Unfinished reform agenda, acquisition, theaterisation of command among key focus areas for Rajnath Singh

Rajnath Singh returned to South Block on Tuesday morning to commence his second stint as Defence Minister. In his second term, he would oversee consolidation of military reforms initiated in the previous stint, and accelerate the unfinished agenda on the theaterisation of command, major acquisitions, export of armaments, and stabilise the border with China.

The Defence Minister’s office said Singh took over charge at 10 am on Tuesday, and later left for Bhubaneswar to oversee selection of the Odisha Chief Minister, after the BJP defeated the BJD in the assembly elections, held along with parliamentary polls.

After portfolios were announced on Monday evening, Rajnath Singh, who will turn 73 next month, expressed his gratitude to PM Narendra Modi “for his continued trust and confidence” in him.

“I shall continue to serve our motherland as India’s Defence Minister. Safeguarding India’s borders will remain our topmost priority, and we will continue protecting India’s integrity & sovereignty. Under the visionary leadership of PM Modi, we will rededicate ourselves to strengthen ‘Make in India’ and take defence manufacturing and exports to greater heights,” Singh posted on X.

Sanjay Seth, a second time Member of Parliament from Ranchi, Jharkhand, took over as Minister of State (MoS) for Defence. Seth, along with his wife, were also present in Singh’s office in South Block at the time of the latter assuming charge as the Defence Minister.

While Singh retained the Defence Ministry portfolio, Ajay Bhatt, who was his MoS in the previous tenure, was dropped by Modi. This, despite the fact that Bhatt won from the Udhampur seat with over a margin of over 7.5 lakhs. The BJP chose to bring in Ajay Tamta, MP from Almorah, into the government.

With the defence sector being one of the key drivers of the all-round development reform initiated by the Modi government over the last decade, Singh will have to ensure next generation transformation, especially in policy matters, for further ease-of-doing business for the industry and foreign players. A reduction in the tendering process has been a long-standing demand of the industry. As of now, it takes at least seven to ten years to complete the acquisition of weapons systems, that the tri-services can ill-afford in a fast-changing technology-based warfare.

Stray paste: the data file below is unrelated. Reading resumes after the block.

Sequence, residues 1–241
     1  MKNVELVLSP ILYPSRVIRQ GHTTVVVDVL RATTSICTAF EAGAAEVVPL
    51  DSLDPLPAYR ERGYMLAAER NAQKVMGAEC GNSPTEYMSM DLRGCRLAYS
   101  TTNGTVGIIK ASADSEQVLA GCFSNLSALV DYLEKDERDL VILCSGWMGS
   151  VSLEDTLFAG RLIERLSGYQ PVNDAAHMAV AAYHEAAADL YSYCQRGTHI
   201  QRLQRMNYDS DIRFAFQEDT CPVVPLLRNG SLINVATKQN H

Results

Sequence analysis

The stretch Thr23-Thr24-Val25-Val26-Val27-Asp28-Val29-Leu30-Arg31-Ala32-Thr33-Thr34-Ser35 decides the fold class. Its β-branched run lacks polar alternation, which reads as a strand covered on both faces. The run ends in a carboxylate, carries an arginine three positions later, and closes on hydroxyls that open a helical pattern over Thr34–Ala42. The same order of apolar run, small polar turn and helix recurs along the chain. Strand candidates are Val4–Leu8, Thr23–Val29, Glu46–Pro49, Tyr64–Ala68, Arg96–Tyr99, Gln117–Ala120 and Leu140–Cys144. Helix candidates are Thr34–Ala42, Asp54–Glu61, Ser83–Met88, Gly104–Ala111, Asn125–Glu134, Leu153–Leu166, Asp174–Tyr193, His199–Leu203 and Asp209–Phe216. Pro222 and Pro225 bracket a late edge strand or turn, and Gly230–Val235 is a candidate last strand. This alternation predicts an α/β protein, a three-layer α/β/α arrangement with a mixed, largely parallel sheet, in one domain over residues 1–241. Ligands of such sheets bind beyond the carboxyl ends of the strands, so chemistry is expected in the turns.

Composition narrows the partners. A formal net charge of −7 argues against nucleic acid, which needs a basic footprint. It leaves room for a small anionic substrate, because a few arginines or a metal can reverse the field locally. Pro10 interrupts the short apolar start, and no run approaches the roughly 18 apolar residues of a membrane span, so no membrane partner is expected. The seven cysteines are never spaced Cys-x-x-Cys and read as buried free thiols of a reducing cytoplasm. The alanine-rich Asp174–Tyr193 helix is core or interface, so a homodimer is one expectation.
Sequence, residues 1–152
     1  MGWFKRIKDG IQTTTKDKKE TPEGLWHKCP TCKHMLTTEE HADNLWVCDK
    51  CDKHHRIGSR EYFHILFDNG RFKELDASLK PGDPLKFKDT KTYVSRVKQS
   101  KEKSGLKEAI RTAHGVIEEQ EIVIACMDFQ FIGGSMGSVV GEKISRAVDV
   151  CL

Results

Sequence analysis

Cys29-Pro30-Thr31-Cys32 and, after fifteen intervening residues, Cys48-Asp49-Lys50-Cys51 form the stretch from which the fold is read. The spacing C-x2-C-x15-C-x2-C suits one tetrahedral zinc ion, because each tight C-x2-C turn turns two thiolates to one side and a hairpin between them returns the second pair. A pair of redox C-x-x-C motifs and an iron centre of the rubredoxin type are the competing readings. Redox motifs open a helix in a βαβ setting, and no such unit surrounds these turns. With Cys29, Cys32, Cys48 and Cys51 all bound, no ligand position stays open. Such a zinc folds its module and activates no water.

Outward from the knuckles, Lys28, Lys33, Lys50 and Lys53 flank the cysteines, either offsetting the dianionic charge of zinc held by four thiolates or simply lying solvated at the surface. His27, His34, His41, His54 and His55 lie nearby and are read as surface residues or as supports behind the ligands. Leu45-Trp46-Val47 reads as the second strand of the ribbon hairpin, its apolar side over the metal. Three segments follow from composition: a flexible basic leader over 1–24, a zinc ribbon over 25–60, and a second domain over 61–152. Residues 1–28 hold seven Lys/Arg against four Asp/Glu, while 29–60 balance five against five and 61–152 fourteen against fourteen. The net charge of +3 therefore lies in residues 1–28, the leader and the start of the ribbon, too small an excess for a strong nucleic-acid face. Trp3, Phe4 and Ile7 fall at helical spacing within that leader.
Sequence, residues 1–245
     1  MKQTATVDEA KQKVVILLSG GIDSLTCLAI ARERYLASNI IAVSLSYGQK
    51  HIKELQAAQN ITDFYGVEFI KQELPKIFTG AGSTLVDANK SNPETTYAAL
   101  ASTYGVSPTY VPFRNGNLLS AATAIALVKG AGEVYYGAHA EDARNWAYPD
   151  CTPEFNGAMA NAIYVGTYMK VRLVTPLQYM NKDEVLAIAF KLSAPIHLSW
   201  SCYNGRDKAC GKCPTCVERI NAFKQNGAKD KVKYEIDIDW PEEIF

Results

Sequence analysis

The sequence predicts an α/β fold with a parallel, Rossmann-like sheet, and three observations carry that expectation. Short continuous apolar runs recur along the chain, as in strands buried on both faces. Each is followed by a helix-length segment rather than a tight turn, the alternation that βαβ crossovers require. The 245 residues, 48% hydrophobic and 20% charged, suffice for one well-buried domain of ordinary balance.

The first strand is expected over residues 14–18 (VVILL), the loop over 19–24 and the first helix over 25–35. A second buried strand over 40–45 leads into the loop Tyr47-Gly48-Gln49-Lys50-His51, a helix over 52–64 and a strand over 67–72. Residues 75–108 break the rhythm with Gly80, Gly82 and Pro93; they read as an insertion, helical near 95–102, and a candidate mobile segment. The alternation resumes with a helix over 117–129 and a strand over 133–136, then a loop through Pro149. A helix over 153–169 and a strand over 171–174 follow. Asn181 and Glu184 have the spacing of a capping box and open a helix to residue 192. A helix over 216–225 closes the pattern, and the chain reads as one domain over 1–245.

During Rajnath Singh’s regime, defence exports crossed ₹21,000 crore for the first time in April, recording 31 times growth in the last 10 years. Though significant progress has been made, India continues to be the world’s largest importer of arms from FY 2013-14, a report of Swedish think tank Stockholm International Peace Research Institute (SIPRI) said. Imports went up by 4.7 per cent from 2014 to 2018, probably due to the large-scale ramping up of weaponry of the tri-services, held back during the previous dispensations.

Post-2020, the speed of modernisation of the armed forces also went up, following the Galwan face-off with China.

The Minister will have to push for timely implementation of the proposals of the committee constituted for the revamp of the Defence Research and Development Organisation (DRDO), which is key to achieving true aatmanirbhartha in the military sector. The DRDO has formed an overseeing committee for review and implementation of the K. VijayRaghavan Committee’s recommendations by August 31.

Rolling out the process of actual theaterisation of the tri-services — Army, Navy and Air Force — is also a top priority. Besides that, the Army will see the installation of a new chief of staff, after General Manoj Pande’s one-month extended tenure comes to an end on June 30. Likewise, the Air Force, too, is due to get a new chief.

The NDA allies — JDU and Lok Janshakti Party (Ram Vilas) — have expressed concern over the Agnipath scheme of temporary recruitment of constabulary in the forces, and sought a review of the policy. The Defence Minister will have to negotiate this key issue since Bihar was the hotbed of violent protests against the scheme. The Opposition INDIA alliance has vowed to scrap the scheme if they come to power at the Centre.

The Ministry also has to supervise key defence acquisition negotiations including 31 MBQ 9 drones; a team from the US was here last week to cap pricing of the UAVs. The deal for manufacture of GE 414 fighter engines in India between General Electric and Hindustan Aeronautics Ltd (HAL) is also half-way through, which would require the attention of the new government, besides others.

Border talks with China for de-escalation of forces in Ladakh is also a work in progress.

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